Two steps forward, one step back…

Campy is moving forward, albeit slowly. I have written new classes that models the C++ AMP more fully, and have a run code for a simple “Hello World” example on a NVIDIA GPU.

As it turns out, the package I was using, ManagedCUDA, won’t support Net Standard until that comes out, which might be Fall 2017–but maybe never, as I have checked Net Core 2.0/Net Standard Pre-release 1, and the Net Standard 2.0 package does not work on a simple example. So, I will be taking extra time to write an SWIG-generated library for the CUDA Driver API. It’s likely I will need a similar AMD GPU driver library as well but will do that after a release of Campy that works with NVIDIA GPUs.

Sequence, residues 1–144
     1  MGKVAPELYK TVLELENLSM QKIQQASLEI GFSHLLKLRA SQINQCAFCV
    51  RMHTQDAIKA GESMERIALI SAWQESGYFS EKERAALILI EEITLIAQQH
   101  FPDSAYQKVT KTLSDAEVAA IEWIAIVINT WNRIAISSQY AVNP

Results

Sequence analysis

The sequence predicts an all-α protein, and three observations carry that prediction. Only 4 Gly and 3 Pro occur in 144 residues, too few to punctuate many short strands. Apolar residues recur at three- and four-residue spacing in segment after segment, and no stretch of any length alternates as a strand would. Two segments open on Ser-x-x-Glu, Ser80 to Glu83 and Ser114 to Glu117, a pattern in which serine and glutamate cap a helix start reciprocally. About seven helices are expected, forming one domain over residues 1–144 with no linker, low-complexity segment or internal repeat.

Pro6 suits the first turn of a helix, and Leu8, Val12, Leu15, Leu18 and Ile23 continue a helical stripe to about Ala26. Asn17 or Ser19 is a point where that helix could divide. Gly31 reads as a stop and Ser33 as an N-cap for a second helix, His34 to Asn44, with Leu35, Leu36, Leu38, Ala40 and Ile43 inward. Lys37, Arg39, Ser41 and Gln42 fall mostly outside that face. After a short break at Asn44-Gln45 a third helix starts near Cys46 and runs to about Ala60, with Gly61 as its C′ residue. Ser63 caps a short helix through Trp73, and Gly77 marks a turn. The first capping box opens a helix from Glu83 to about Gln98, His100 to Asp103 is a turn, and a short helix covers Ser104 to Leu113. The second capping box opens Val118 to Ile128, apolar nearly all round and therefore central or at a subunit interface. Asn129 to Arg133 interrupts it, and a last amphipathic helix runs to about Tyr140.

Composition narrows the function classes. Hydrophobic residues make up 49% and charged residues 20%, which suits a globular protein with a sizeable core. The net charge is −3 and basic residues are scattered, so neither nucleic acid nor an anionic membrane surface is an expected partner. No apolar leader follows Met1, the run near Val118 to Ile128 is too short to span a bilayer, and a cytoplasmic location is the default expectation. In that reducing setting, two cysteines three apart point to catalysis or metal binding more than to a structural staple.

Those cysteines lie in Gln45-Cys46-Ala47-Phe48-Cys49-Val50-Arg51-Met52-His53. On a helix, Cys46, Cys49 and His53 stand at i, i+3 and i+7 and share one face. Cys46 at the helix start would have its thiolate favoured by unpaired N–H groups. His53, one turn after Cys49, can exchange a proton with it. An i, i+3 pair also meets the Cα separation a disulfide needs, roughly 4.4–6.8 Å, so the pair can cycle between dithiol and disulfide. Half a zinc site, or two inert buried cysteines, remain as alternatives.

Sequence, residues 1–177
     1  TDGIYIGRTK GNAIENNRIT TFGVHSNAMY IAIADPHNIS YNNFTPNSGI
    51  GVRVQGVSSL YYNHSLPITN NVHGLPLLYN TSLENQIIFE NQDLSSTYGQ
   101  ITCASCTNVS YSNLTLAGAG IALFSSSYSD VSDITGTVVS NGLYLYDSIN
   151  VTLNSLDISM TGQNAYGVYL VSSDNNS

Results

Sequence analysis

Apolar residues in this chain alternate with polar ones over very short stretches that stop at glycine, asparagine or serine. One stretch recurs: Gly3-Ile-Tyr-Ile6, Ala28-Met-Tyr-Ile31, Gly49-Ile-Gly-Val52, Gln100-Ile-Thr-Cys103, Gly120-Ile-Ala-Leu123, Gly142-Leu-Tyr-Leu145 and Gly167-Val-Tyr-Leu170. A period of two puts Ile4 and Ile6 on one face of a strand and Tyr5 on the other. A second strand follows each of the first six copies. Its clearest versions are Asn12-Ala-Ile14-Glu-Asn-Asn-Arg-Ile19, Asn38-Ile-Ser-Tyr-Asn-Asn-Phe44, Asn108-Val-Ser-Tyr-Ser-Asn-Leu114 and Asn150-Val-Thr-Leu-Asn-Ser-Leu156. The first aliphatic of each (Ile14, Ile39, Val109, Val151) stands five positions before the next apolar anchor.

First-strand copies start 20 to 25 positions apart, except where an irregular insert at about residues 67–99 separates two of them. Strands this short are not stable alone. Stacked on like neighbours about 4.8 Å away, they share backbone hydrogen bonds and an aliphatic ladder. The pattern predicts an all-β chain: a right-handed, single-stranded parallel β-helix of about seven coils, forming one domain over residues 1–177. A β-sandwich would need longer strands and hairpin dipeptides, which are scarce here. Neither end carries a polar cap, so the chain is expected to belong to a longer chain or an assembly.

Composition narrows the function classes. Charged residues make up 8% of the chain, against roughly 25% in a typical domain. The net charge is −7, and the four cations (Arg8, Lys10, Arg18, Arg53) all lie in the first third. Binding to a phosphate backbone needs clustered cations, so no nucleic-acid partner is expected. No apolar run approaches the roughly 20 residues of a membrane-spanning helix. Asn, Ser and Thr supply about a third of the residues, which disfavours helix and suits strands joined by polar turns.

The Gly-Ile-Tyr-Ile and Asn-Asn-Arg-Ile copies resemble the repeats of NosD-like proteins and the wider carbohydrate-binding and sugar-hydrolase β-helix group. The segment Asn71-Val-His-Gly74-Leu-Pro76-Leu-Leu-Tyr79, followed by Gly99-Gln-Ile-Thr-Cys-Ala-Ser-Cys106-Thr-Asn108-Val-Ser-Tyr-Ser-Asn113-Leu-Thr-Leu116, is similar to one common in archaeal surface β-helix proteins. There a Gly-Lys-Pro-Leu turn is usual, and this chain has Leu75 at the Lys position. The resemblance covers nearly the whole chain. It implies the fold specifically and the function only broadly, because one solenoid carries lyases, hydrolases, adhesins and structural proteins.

In the meanwhile, I learned that there is another library available that is similar to Campy, namely ILGPU. It looks similar, but IMHO it is missing pieces of the C++ AMP programming model. However, you might want to look at that.

–Ken Domino

Inching towards an LLVM backend

Several months ago, I started working again on Campy. Since then, I’ve had to rewrite quite a bit of the source in order to make use of LLVM for code generation. So, Campy can now compile and execute a good subset for an x86/x64 target, which is a small but important step towards the goal of executing C# on a GPU. A significant part of the work was simply exposing a C# wrapper library for LLVM. That wrapper class targets Windows, Ubuntu, and Android, which as far as I can tell surpasses anything offered in NuGet. That library is Swigged.llvm, which you can find here.

The next few steps are to refine the compiler further and to target a NVIDIA GPU. In addition, I will need to write a layer to expose the SSA analysis in LLVM in order to take advantage of that to determine what functions/methods must be compiled for the GPU. There is much work to be done, but it is worth the effort.